While it is difficult for us to control the virus mutation, we can control our own behaviour and movement
BY PROF DR JAMALLUDIN AB RAHMAN
Malaysia is continuing having high number of Covid-19 cases despite the total lockdown implemented since June 1, 2021. Government introduced a recovery plan in four phases, but we are not able to move on to the Phase 2 as our number of cases are still above 4000 cases daily.
Even after more than 500 days since we had the first Covid-19 cases in our country last year, we have failed to move out from the pandemic. Not only Malaysia, but also most parts of the world. This is despite knowing more about the virus and the various vaccines. Our hope is fading. Can we end this pandemic?
Let us go back to basics. Transmission increases due to three factors; 1) Virus factor (agent), 2) Human factor or behaviour (host), and 3) Environment factor; or known as epidemiologic triad. A framework that all epidemiologists know.
The discovery of the new SARS-CoV-2 variant, especially the Delta and Delta Plus variants really challenge the progress we are making in combating the pandemic. The variant is proven to be able to affect the diagnostics, treatment, or vaccines; increase transmissibility and disease severity.
Experts all over the world had predicted this even at the beginning of the pandemic, and now we are racing to stay ahead of this mutation race. Even countries that achieved more than 50 per cent vaccination coverage are also struggling with the new variants.
How do we tackle this? Unfortunately (or fortunately), we still need to rely on the same non-pharmaceutical interventions or better known as public health measures, such as avoiding mass gatherings, wearing facemasks etc. These are ‘boring’ stuff, but very important and effective in stopping the spread.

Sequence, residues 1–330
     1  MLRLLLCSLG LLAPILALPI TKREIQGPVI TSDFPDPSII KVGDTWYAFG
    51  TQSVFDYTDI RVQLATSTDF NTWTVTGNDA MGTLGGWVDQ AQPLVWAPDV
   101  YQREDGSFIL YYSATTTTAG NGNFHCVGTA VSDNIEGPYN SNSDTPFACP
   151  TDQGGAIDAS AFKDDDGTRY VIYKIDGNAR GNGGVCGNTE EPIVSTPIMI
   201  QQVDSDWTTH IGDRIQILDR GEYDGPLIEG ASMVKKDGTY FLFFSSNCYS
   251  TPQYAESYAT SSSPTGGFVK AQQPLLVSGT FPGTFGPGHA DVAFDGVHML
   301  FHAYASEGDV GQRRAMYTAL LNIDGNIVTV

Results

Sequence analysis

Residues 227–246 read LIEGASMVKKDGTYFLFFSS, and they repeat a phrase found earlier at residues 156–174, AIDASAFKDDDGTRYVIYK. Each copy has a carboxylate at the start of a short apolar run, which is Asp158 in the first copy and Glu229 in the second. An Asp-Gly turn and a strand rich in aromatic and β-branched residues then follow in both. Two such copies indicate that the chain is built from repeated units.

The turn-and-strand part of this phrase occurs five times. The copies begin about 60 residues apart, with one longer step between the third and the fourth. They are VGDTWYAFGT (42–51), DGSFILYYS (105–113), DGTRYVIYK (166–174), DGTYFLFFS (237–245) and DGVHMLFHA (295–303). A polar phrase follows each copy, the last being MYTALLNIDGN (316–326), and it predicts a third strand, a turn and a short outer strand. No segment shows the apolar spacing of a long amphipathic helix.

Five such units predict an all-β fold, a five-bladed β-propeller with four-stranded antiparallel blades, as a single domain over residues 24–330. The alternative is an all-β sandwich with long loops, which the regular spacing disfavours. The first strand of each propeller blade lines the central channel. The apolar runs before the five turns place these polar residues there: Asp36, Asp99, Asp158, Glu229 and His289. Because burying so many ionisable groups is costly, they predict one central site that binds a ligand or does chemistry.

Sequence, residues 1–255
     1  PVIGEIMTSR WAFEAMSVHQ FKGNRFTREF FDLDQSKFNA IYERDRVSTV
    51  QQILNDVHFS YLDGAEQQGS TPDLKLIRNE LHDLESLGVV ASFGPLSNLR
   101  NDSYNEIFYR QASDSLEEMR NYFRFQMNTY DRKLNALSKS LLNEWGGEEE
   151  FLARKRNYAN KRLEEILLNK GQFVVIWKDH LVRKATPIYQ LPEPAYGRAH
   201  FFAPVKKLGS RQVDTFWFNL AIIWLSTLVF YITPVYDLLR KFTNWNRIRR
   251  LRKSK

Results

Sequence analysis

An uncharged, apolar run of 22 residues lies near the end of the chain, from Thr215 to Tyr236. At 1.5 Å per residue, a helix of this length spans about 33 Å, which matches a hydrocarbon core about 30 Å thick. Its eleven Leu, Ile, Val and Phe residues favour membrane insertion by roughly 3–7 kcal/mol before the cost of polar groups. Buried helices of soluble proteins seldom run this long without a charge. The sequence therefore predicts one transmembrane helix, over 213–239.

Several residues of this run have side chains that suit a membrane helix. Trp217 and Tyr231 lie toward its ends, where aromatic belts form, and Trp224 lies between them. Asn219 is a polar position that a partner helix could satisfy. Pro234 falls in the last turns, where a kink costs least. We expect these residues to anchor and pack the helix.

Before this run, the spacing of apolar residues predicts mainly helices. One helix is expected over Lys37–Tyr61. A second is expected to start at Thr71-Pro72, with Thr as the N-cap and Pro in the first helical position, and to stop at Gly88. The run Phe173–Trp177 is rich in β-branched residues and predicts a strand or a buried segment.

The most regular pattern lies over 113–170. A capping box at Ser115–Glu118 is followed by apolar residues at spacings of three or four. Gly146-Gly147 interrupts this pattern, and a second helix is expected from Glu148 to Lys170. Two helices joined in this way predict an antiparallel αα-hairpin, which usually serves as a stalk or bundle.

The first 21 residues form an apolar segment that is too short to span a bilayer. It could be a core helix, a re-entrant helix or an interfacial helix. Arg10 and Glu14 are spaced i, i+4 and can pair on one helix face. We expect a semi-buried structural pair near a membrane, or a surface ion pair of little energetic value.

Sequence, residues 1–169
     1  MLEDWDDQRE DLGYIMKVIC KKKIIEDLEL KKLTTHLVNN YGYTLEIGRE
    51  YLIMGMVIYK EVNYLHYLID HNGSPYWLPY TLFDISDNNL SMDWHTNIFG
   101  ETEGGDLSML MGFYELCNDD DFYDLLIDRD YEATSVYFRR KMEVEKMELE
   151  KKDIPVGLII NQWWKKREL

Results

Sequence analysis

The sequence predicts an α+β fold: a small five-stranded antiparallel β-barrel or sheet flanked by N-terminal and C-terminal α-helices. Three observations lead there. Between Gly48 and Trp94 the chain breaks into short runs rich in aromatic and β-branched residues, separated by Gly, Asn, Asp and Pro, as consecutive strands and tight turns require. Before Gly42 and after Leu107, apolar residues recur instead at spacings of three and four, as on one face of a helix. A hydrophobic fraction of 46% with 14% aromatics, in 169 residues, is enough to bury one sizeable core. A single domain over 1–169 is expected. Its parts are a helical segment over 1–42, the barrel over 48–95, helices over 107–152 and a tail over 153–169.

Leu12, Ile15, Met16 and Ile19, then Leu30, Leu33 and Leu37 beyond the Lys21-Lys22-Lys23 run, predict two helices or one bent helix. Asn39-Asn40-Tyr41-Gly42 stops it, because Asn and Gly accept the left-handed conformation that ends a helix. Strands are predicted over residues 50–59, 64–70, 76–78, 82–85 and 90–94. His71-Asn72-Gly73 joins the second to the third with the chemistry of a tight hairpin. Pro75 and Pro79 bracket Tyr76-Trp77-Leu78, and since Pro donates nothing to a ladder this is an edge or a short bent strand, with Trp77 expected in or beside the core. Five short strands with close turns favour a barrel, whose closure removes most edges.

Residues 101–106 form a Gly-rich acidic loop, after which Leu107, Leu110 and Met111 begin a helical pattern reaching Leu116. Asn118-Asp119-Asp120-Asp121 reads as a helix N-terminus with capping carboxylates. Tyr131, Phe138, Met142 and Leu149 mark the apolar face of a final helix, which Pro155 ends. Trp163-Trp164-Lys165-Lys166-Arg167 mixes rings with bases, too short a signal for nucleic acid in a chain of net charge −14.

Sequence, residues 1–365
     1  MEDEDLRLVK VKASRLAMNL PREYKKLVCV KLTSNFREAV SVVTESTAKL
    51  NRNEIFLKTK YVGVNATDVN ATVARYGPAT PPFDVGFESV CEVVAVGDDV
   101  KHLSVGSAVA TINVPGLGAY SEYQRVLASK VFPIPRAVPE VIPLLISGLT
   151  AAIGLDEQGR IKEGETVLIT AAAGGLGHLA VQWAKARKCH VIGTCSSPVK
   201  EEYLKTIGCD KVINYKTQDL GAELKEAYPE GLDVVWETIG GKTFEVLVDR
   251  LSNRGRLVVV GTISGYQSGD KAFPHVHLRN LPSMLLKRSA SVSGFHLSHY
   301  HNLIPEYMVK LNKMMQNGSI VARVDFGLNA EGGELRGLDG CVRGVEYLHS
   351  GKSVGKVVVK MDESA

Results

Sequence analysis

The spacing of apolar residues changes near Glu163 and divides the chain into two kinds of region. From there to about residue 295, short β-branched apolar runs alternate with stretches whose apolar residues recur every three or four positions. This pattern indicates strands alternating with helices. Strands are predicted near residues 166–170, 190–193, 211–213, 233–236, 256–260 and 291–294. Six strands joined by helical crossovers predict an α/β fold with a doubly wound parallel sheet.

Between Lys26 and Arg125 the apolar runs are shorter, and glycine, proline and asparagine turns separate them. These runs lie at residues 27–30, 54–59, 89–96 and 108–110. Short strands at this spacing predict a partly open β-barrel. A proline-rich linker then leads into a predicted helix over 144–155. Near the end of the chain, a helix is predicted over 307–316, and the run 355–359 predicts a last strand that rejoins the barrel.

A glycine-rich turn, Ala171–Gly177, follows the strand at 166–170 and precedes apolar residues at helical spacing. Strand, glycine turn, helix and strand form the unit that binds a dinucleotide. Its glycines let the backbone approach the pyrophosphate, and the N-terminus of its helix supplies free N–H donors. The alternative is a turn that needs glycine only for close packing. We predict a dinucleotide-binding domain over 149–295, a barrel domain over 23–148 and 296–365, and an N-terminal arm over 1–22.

Data from the UK shows that vaccinated individuals are 94 per cent less likely to be hospitalised. So, there is still hope that vaccines can reduce the severity of the disease.
Unfortunately for Malaysia, we are struggling to get enough vaccines to vaccinate our population. Promotion efforts have successfully increased the confidence from the public to go for vaccination, the government is not able to fulfil the demand.
Albeit late, Malaysia has started its own vaccine development since November last year and expected for animal trials soon before it can be tested on humans.
How about Ivermectin? It is a possible complement to the existing measures that we have, but it must be proven safe and effective first. The Ivermectin trial for high risk Covid-19 patients (I-TECH Study) initiated by the Ministry of Health (MoH) is an indication the government is considering all options to fight the pandemic.
Human behaviour factor
Human behaviour is a part of both the solution and the problem. For our country, our activities and movements dictate how the numbers go.
We had the outbreak controlled previously but a massive movement due to the Sabah state election had caused the third wave of the pandemic, and until now, we are officially still in the third wave. The source of the outbreak was not the political event itself, but due to the widespread clusters from detention centres in Sabah as well as some earlier workplace clusters in Kedah. The movements caused the spill over transmission to the community.
Once the government introduced the Movement Control Order (MCO) in January, we started to see cases going down steadily. In April following the massive movements when we opened schools and following the Eid celebration, the cases accelerated again.
In June government had to introduce the third MCO and quickly after that, a total lockdown, when number of cases and deaths went beyond 9000 and 120 per day respectively.
While it is difficult for us to control the virus mutation, we can control our own behaviour and movement. As long as we act only according to the regulation and laws imposed, and the best practice in preventing Covid-19, we cannot win this war.